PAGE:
Rabbis Without Borders
Rabbis Without Borders is a dynamic forum for exploring contemporary issues in the Jewish world and beyond. Written by rabbis of different denominations, viewpoints, and parts of the country, Rabbis Without Borders is a project of Clal – The National Jewish Center for Learning and Leadership.
In Atlanta, where an estimated 3,000 homeless people that cannot be accommodated in shelters sleep in parks and under highway overpasses, it may be impossible to ignore this growing population. Volunteering with North Fulton Community Charities (NFCC) in the 2019 Point-in-Time Homeless Count, I discovered how homelessness remains hidden in the suburbs just north of the city.
The Point-in-Time Homeless Count is a national census of homeless people, conducted annually by teams of volunteers, many of which include someone living in transitional housing or a homeless person, known as an enumerator. Its main purpose is to ensure that the U.S Department of Housing and Urban Development allocates sufficient funds to cities and counties providing shelter and services to homeless people.
Before we begin, a representative from Fulton County Continuum of Care reminds the volunteers our goal is to survey the “unsheltered” homeless, individuals living in “places not meant for human habitation.” This year, I volunteered to be on a team that would survey the area just west and north of my neighborhood in Sandy Springs. Because I encounter homeless people regularly, at least during daylight hours, I thought I’d be helpful finding where they seek warmth from the near-freezing temperatures at night.
As in previous years, we’re fortunate to have an enumerator in our team, an army veteran currently staying at the Mary Hall Freedom House, a women’s shelter that receives federal funds for homeless initiatives. She’s started taking college courses, and she’ll move to an apartment that is accessible to public transportation, just as soon as she can find one that is affordable. Because she herself was recently homeless, our enumerator is our team member most able to locate homeless individuals.
We make a plan to drive down Roswell Road and stop at a few supermarkets, gas stations and fast food places that are still open after 9 pm before heading to the MARTA stations in our area. When the trains stop running at 1 am, homeless riders will be forced to exit the stations and seek shelter in the stairwells of the commuter parking lots, where they’ll be less exposed to the wind but still subjected to the cold. Some homeless individuals, and even families that can’t find space in shelters or emergency housing sleep in their cars, parked at the edge of strip malls or behind grocery stores. We peer through the fogged windows to observe and count them, but we don’t disturb them to administer the survey.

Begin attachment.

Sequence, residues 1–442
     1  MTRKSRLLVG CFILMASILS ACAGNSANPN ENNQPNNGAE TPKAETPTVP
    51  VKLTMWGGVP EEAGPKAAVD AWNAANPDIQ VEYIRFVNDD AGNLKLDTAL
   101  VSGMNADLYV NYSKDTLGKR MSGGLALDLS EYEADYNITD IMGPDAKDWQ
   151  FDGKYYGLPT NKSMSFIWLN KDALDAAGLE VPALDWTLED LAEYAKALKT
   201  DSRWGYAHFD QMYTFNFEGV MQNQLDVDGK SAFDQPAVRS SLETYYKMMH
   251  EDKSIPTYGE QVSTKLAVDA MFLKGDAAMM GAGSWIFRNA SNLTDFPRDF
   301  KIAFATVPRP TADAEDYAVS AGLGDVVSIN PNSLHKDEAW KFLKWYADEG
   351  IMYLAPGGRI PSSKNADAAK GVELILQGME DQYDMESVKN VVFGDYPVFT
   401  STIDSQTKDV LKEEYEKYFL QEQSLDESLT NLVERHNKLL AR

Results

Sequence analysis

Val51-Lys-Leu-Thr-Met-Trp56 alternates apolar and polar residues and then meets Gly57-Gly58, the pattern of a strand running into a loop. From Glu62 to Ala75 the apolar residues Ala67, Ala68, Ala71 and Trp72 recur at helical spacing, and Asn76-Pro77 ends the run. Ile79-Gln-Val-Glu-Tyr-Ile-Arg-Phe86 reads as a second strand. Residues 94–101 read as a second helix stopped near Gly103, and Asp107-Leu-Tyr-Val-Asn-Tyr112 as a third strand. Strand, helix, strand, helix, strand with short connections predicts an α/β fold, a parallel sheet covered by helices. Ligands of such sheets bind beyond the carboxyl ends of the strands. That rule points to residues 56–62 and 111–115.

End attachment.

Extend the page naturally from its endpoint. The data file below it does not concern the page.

Most of the businesses—Barnes & Noble, Starbucks and Publix—where I usually see homeless people permitted by managers to use the restrooms or to sit or nap in comfortable chairs, are closed for the night. We’re on our way to Waffle House when our enumerator suggests we stop at a 24-hour laundromat, where she is confident we’ll meet homeless people. No one else in the car, even the member of the city council, had thought to look in a laundromat; we all live in homes with laundry rooms.
As we pull into the parking lot, she confides her discomfort at coming inside and approaching patrons. “My biggest fear is that I’ll offend someone. What if I start to explain why we’re here and they’re not homeless?! I know how bad I’d feel if someone assumed I was homeless.” This badass veteran was holding back tears while admitting how painful that would be, and I let a few tears slide down my cheeks while thanking her for the reminder to be sensitive. For me, an upper middle class, white, suburbanite, it was easy to follow the strategies and script I was given and to maintain a professional distance. For her, this task was intensely personal.
She waits in the car with the driver and city councilman, and another volunteer and I enter the laundromat. We approach a young couple, a man and woman, to introduce ourselves and ask whether there is a manager on duty. The woman tells us there are only two other people in the building, both black women, and gestures toward the end of a row of dryers.
Each of us approaches one of the women. We’re carrying clipboards holding surveys and Kroger gift cards, and information about an emergency shelter at a local church. After reassuring the women that the surveys are anonymous, they agree to answer the questions. But they both answer “yes” to the first question, “Do you have a place to sleep tonight?” We quickly realize they are staying at the Mary Hall Freedom House and are enrolled in the T.R.O.O.P.S program for veterans. We can’t continue the survey because they’re not “unsheltered” homeless, so we ask them instead of their military service. They share their stories while placing their folded clothes in laundry bags, preparing to walk back to the shelter before their curfew.
Our team doesn’t find another soul to interview that night, though we discover the belongings of someone living in the park next to the library, behind the fence surrounding a construction site. We also observe one man sleeping in the last car of a MARTA train, while it sits at North Springs station waiting to return to the airport. We place a blanket and toiletry kit on the seat next to him.
By the time he wakes up and leaves the train, I’ll be home, asleep in my warm bed.